Dec. 16, 2019 By Allie Griffin
State Senator Jessica Ramos and Assemblywoman Nily Rozic are calling on Governor Andrew Cuomo to sign legislation that would legalize most e-bikes and e-scooters across the state.
The lawmakers, who sponsored a bill that aims to permit the use of throttle-controlled e-bikes and e-scooters, held a rally Friday at Corona Plaza with members of the Deliver Justice Coalition, which includes groups such as Make the Road New York and Transportation Alternatives to put pressure on the governor.
The bill passed both houses of the State Legislature before the close of the session in June and must be signed by Cuomo by the end of the year for it to become law. The law would clearly state that such bikes are legal.
Pedal-assist e-bikes, which get a jolt of electric power only when a rider pedals, are already legal in the city, but the throttle-controlled e-bikes popular with food delivery workers are not. The city has said it wouldn’t change how these bikes are regulated until the state explicitly legalized them.
The state legislation would see most e-bikes and e-scooters regulated like bicycles. However, municipalities–such as the city–would have the power to regulate their use as they choose.
E-scooters that weigh less than a hundred pounds and have a maximum speed of 20 MPH would be legal if the bill is signed into law. Pedal-assist e-bikes with a top speed of 28 MPH and e-bikes that go as fast as 20 MPH without requiring pedaling would be legal.
The bill aims to protect the city’s delivery workers from large fines and confiscations of their e-bikes, often the main source of their livelihood. Many of these workers are low-income immigrants who have been burdened with lost wages, summonses and confiscations due to the current rules outlawing the use of throttle-controlled e-bikes and e-scooters.
Fines typically cost $500 for using a throttle-controlled e-bike or e-scooter in New York City, which can be about a week’s pay for a delivery worker. Business owners whose delivery employees use them can be fined an additional $100.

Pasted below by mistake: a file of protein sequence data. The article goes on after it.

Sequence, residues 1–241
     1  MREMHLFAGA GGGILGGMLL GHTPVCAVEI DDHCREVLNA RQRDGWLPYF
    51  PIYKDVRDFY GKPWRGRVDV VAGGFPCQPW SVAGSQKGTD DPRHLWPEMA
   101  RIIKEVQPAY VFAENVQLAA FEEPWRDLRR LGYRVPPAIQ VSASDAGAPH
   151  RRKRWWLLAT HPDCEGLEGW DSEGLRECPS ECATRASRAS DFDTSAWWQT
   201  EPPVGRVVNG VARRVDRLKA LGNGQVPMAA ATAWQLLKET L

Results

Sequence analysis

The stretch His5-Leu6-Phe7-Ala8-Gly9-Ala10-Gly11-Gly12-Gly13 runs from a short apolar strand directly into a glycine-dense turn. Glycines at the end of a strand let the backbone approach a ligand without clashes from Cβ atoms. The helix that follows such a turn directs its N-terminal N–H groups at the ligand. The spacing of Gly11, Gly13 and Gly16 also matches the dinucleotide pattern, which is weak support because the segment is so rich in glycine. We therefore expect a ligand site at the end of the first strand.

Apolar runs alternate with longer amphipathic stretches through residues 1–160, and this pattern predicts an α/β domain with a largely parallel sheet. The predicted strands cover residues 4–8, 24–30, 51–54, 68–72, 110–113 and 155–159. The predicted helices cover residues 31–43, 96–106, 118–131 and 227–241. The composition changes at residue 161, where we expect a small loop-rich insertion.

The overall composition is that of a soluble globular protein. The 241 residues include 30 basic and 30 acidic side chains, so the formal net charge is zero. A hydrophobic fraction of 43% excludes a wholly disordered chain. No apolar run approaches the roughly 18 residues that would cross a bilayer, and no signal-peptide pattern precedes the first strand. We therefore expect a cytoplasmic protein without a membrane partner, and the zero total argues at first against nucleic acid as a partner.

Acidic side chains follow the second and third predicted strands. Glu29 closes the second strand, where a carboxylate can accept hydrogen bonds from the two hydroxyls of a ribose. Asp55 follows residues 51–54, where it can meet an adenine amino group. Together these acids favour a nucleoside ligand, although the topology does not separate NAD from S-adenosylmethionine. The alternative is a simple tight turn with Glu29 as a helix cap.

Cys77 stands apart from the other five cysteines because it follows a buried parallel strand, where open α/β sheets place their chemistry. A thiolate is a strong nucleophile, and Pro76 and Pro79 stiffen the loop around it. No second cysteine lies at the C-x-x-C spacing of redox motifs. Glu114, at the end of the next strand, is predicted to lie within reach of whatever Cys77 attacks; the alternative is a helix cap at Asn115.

Without their e-bikes, many often cannot do their job.
Since the bill was passed in the state senate and assembly in June, about 350 summons in New York City have been issued to delivery workers, according to the lawmakers.
“While the city’s crackdown on delivery workers continues putting thousands of immigrant workers at risk, we still have an opportunity to deliver economic justice by signing this bill,” Assemblywoman Rozic said in a statement. “From the criminalization of unregulated e-bikes to transit deserts that could benefit from improved connectivity, we are only one step away from introducing sustainable, micro-mobility options in New York.”
Transit activists also support the legalization of e-bicycles as a safer and cleaner alternative to cars and way to mitigate traffic congestion.
Both e-bicycles and e-scooters are zero emission devices that are affordable options among underserved neighborhoods and low-income communities in transit deserts, the rally organizers said.
“New York is at the crux of a transportation revolution and we have an amazing opportunity to change the lives of thousands of people by legalizing e-bikes and e-scooters and giving them accessible, reliable and environmentally friendly transit alternatives,” Ramos said in a statement. “I’m hopeful that we will deliver justice to all of the delivery workers who look forward to this law as a means to perform their jobs safely and with peace of mind.”
The legislation preserves local authorities to determine the rules and regulations for e-bike and scooter operation, instead of creating rules for the entire state.
“Until Governor Cuomo signs the e-bike bill, immigrant delivery workers remain vulnerable to Mayor de Blasio’s punitive and discriminatory policing of their e-bikes for simply doing their jobs, Do Lee, of Biking Public Project, said. “Governor Cuomo has the opportunity to do what Mayor de Blasio has failed to do, which is to listen to the voices of immigrant delivery workers by signing this bill.”